8

Some quick background.

I am the second of five children in my family. I live with my older sister in a city located at 88 miles from our hometown. I'm 27 years old and my sister is 29. Meanwhile the rest of my family live in my hometown.

The problem

My youngest sister (20) had been acting the past months in a way that is already unbearable for the rest of my family. She is mean to everyone and doesn't like to do chores, recently quit her job and sleeps almost all day. Two days ago, she had a huge fight with my mom and left the house without giving notice of where was she going to go. She was "missing" for about a day and a half, didn't answer calls and had all of us worried for her.

She finally called me and told me she was staying in a hotel room and eating junk food (she has the money of her severance payment) and also told me she was definitely not going to return home. She asked me to let her live in my flat (the one I share with my sister) and if I said no, she would do anything else but return home. I said yes, but I know she plans now to settle in this city, find a job, etc., the thing is I don't really want to live with her permanently altought she is my sister because our personalities don't have a good match and I don't entirely trust her. I just want to help her temporarily and I want to state that to her really clearly to avoid misunderstandings.

Question

What is the best way to make clear to my sister that I won't let her to live forever in my house?

migrated from parenting.stackexchange.com Jul 13 '18 at 19:33

This question came from our site for parents, grandparents, nannies and others with a parenting role.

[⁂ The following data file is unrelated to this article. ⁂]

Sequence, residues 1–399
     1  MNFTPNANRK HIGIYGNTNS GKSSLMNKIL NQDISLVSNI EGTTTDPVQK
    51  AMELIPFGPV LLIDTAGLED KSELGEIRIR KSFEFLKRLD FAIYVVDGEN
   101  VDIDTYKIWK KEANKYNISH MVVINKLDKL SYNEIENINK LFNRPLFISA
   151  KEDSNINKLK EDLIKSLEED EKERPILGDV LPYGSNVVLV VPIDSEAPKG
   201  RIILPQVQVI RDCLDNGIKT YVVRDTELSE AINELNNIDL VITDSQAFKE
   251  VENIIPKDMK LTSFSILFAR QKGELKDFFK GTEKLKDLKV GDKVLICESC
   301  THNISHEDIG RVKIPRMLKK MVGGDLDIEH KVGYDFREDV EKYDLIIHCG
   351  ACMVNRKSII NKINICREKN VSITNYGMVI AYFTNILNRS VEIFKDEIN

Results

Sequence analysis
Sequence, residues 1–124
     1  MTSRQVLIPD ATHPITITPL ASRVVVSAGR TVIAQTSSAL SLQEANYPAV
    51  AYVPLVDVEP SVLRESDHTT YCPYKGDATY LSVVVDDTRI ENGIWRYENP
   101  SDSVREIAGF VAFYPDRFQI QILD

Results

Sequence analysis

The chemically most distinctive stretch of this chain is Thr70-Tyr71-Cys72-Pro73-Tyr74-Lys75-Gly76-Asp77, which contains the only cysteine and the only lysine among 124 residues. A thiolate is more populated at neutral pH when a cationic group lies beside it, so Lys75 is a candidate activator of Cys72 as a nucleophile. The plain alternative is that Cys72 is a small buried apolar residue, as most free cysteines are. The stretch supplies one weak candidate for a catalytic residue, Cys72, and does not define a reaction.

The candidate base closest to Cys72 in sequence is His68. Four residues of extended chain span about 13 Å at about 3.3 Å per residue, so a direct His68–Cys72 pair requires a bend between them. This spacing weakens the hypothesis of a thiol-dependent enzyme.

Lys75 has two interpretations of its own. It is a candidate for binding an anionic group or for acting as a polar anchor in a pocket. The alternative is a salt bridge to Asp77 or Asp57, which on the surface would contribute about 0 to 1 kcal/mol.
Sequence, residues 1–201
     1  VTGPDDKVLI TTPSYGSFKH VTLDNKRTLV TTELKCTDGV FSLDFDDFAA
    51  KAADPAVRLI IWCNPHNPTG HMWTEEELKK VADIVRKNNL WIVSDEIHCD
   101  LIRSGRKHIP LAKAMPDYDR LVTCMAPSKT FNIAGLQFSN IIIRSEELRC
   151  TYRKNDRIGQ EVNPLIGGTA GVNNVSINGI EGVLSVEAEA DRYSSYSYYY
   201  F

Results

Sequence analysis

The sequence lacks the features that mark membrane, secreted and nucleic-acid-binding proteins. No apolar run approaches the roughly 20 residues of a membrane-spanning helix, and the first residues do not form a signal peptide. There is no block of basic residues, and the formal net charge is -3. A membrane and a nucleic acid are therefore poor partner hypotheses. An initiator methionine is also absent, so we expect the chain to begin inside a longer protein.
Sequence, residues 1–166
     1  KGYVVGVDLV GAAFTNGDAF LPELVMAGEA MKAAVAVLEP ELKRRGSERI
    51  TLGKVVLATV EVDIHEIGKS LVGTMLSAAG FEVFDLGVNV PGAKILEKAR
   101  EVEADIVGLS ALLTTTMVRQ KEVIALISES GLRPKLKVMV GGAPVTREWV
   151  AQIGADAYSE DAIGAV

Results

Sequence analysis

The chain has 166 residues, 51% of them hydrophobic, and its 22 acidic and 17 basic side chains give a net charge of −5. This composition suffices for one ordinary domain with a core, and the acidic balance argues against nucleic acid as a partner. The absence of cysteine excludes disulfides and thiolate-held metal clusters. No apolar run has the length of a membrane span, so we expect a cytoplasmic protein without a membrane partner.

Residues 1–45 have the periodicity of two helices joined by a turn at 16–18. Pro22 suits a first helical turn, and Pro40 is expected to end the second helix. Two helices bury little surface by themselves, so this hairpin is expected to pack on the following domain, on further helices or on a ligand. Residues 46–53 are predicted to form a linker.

• 3
    How confrontational are you willing to be if needed? – TheRealLester Jul 13 '18 at 19:39
  • @TheRealLester I don't want to be confrontational, totally the opposite, I want to be comprehensive and caring. – Wendy Jul 13 '18 at 19:51
  • Have you discussed this with your older sister yet? If so, how does she feel about it? – Monica Cellio Jul 15 '18 at 4:13
  • @MonicaCellio My older sister has practically the same thoughts as me. If it would be up to her, my younger sister would stay for only one week. – Wendy Jul 16 '18 at 22:01
19

Give her a goal for departure

My in-laws are saints and open their house up to a lot of men who were recently released from prison. They let them stay for a while and help them find a job, participate in family things, etc. Occasionally someone will get too comfortable, or too scared to leave, or whatever, and they have to push them out. Most of them don't have this problem, though. The reason? They determine a goal from the beginning for each of these guys, and some ground rules for living there. They are generally more on the forgiving side, but each of their guests are aware when their time to stay is up, so it can help grease the door.

The key here is to have a reasonable goal for her. Although you should arrive at it together and in a friendly way, you must be stern and you must do it before she moves in, or at least before she settles in. This goal needs to relate to the reason you are allowing her to stay, like 3 months to find a new place, 6 months to find a job and get on her feet, or 4 months to repair her relationships at home, etc. This means that your first step is to honestly question why you are allowing her to stay with you. That should help you to arrive at a suitable criteria for her terms of staying and deadline for departure.

If she doesn't think it is fair for you to limit her stay, I'm sure you can come up with some compelling reasons. Here are a few ideas (some are better than others):

  • If you had wanted an extra roommate, you would have gotten a bigger place.
  • She ought to try setting out on her own and discover herself.
  • She can't pay rent (this is a dangerous one in case she gets a job and starts paying)
  • Your maturity/lifestyle is too different to allow long-term cohabitation without contention.

Just remember, she is your baby sister, and she is going through a hard time right now. Go easy on her.

  • 8
    two additions, in my opinion: OP needs to have a plan on how to proceed if the sister is a) not meeting the targets or b) abused the chance given to her (invite people to party at the flat, steal things...) and OP must be willing and able to do these things if necessary. – Steffen Winkler Jul 16 '18 at 10:49

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